field that littered the entrance to Luganville. Warnings came too late and the
Coolidge struck several mines. To the captain's credit, he knew the ship was
lost and sent the ship full throttle toward shore to be run aground. Of
the 5,092 people aboard only 2 were killed in the shipwreck. One man is figured
to have been killed in the explosion, and the second man was lost who returned
to look for him. There was a massive loss of supplies and military equipment and
of course the loss of the fantastic ship.
Evacuation of the doomed S.S. President Coolidge
The ship slowly slipped backward down the slope leading to shore and as she
sank she rolled over onto her side. She now sits on her side with her bow in
about 90 feet of water and her props sit in about 250 feet of water. The
visibility is not superb on the dive, but the novelty of diving on such a large
ship and the history of her makes it a requirement for divers visiting Vanuatu.
Ken and I along with GB and Sarah from Djarrka signed up for some of the
dives on the Coolidge. The first two are the Promenade, a warm up dive for the
divers to see the Coolidge and for the dive operator to assess your diving
Gun mounted on the boat of the President Coolidge after she
was commissioned into Army service
The promenade dive takes you on a few easy swim throughs, and takes you
around the exterior of the bow of the ship. The second dive is The Lady. The
Lady is actually a ceramic bas relief sculpture of the "Lady and Unicorn". This
had been set above the mantel of an antique marble fireplace in the opulent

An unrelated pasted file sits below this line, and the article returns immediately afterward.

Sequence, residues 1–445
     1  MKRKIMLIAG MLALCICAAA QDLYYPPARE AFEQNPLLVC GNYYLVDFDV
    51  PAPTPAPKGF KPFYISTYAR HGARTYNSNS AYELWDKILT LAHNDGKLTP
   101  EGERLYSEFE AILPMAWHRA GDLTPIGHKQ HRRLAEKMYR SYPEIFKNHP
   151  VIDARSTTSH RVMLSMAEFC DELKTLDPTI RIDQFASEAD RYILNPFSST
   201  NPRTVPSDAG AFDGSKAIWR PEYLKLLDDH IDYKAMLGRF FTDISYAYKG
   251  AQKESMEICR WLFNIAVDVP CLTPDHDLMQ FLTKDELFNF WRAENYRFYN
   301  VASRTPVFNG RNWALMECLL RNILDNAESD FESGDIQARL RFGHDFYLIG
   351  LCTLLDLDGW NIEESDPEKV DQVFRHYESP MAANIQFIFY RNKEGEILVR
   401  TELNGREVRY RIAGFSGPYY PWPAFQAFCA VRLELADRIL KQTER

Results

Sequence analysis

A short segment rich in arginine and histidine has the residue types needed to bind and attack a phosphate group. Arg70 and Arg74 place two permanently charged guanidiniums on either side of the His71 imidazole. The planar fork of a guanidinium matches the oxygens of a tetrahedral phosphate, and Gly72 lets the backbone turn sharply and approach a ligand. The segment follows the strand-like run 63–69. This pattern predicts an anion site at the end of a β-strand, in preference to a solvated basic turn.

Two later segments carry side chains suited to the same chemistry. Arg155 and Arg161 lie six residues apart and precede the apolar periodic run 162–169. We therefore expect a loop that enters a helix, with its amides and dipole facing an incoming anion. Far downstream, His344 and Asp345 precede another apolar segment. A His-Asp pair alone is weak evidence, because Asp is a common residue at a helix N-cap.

First Class Smoking Lounge on the Coolidge. This sculpture is remains beautiful
today with the colors and detail little effected by over 60 years underwater.
This dive does require swimming deeper into the ship as The Lady is in about 140
feet of water.
The Lady and Unicorn
Swimming up to the famous sculpture
Ken posing with the Lady, which sits sideways in the water
as the ship rests on its side
GB & Sarah pose with The Lady
The dive also featured mosaic fountains and ceiling lamps, which have changed
little since sinking in 1942.
Port holes in the Coolidge
Exiting the ship by swimming out through one of then ships skylights
At the end of each dive on the Coolidge, as most of them are decompression
dives, you swim to a small man-made coral garden in about 25 feet of water and
do you decompression stop. We were happy to find several clown fish which
provided us entertainment.
Sarah waiting at the decompression stop
Cath and several shots of clown fish at the coral gardens
Following our second dive, I came down with a cold, but Ken and GB and Sarah did
few more dives in Luganville. These included a trip to Million Dollar Point and
several of the deeper dives on the Coolidge into the holds where more of the
Military equipment was located.
Jeeps, wheels, and tires that filled one of the holds in the Coolidge
Mess hall items
GB checking out the dishes
Ken following the dive guide through the narrow swim-throughs in the Coolidge
Most of our time in Luganville was spent exploring the town, diving or relaxing
at the resort. Many an afternoon we met GB and Sarah ashore for canasta games.
The familiar site of our afternoon card games at the Aore Resort
We where also delighted to see John and Amanda Neal on
Mahina Tiare pull into Aore
Resort and spent enjoyed catching up with them and meeting their current group
of expedition members.
At the end of September, we started to go into our pre-passage mode. We made our
to-do list and worked on small repairs, as well as our usual passage prep
of watching weather, getting fuel, and provisioning. We have enjoyed all of the
places we've visited in the Pacific, but Vanuatu is one of our favorites and one
where we hope to return some day.